Review of The Western Star by Craig Johnson
Ever since the final season of Longmire became available on Netflix I cannot get enough of the franchise. As the series has come to an end I have to satisfy my Longmire urges through other means. And so I have started to read the novels that inspired the series – written by Wyoming author Craig Johnson. This is a short review on The Western Star, the latest novel published in September.
A small synopsis
The Western Star tells the story of how Walt Longmire first began to deputize Sheriff Lucian Connolly, back in 1972. The title of the book references the steam train that carries all the Sherriff’s of Wyoming on their annual association trip. Walt is not certain about being in law enforcement. His troubled relationship with his wife Martha adds to his feeling that he has not found his calling. However, a murder on the Western Star, as it is barreling through the snow to Wyoming’s capital Cheyenne, changes Walt’s perspective. In the present day Walt has to deal with the aftermath of the murder of his son-in-law and Vic’s brother – Michael.
So far little is written about Walt’s days as a deputy to Lucian. This novel fills in the gaps by showing how a young Walt Longmire isn’t all that different from the old one. The mystery surrounding the murder intrigues the reader, but the drama behind the problems solving it is what keeps the reader going. The fact the story is set in 1972 is shown in the attitudes people and especially the sheriff’s have towards suspects and motives.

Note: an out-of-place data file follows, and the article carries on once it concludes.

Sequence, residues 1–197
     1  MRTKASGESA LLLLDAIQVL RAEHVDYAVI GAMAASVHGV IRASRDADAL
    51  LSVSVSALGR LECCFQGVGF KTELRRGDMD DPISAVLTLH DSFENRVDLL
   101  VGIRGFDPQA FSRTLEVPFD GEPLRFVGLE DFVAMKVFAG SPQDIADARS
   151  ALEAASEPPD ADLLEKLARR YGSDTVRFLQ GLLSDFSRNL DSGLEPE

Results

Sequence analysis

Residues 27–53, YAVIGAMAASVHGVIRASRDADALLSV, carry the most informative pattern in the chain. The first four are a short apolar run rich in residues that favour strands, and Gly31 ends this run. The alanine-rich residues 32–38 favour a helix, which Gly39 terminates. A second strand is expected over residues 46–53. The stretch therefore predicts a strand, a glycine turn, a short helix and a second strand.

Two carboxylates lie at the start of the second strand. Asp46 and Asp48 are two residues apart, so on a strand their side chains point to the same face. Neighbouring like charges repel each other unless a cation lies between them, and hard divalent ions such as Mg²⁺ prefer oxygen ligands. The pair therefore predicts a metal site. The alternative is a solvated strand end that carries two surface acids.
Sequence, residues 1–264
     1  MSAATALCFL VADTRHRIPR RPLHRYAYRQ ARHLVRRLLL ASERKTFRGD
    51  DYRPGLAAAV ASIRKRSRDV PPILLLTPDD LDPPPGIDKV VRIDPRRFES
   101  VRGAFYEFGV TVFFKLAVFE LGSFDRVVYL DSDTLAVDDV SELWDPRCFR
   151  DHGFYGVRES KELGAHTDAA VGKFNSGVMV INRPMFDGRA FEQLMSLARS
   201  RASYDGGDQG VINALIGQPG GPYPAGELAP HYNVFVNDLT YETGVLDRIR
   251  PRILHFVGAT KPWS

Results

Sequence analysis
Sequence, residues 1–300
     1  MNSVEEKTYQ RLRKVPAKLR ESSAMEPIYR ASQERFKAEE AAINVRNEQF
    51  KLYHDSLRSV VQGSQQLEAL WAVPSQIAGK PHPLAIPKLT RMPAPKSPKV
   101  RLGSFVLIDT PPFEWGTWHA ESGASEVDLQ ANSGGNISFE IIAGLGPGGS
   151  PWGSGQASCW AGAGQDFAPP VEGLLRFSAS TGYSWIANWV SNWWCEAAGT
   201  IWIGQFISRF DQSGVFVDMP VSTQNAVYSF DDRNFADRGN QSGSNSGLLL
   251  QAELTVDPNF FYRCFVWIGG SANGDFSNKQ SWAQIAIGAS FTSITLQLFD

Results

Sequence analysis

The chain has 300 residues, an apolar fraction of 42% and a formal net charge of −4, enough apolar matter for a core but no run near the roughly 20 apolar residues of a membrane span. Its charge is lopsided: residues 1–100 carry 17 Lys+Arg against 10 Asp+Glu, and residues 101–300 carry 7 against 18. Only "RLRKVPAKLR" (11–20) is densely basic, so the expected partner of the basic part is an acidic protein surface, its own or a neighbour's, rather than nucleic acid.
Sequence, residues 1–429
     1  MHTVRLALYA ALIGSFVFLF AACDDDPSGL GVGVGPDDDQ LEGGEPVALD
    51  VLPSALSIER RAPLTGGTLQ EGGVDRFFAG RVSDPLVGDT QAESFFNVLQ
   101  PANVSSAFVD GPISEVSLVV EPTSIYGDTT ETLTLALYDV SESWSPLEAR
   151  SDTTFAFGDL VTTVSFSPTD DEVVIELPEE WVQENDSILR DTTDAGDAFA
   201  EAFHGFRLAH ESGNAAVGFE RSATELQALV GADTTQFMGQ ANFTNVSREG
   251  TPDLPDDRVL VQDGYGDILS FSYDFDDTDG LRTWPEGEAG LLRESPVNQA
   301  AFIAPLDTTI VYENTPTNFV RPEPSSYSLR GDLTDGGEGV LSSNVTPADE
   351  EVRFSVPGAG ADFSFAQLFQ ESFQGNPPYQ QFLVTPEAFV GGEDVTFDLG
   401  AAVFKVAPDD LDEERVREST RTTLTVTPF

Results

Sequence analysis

However, despite the attempt by the author to weave the plot of Murder On The Orient Express into the story, his attempts is buried by the story itself. Where the Agatha Christie’s book tries to explain why all of the participants want to kill the same man in The Western Star this is not the case. Near the end of the novel the motives of the suspect is known and is of decidedly selfish purposes.
The Western Star is by no means a perfect novel. A lot of the plot development and structure feels too deliberate. What for most of the story appears to be two separate storylines (past and present) come together at the very end. Yet I felt as though they should not have. The developments of the past and how they affect the character of Walt in the present were enough. It felt as though the author had envisioned an ending early on and feverishly wrote towards it. Now, it may have been initially a good idea, but in practice it felt like overkill. The villain of the story, the murderer in 1972, hangs like a Sword of Damocles over Walt in the present. But I believe it was not necessary for the villain to actually have an active part in the present.
The Western Star also contains another short coming, Vic is decidedly underused. I miss her sharp sardonic wit, just as with Dry Bones we don’t get to read about her as much as we used to.
In short, The Western Star is a fine novel, an excellent and fun prequel. But the story deserves two separate novels, not one.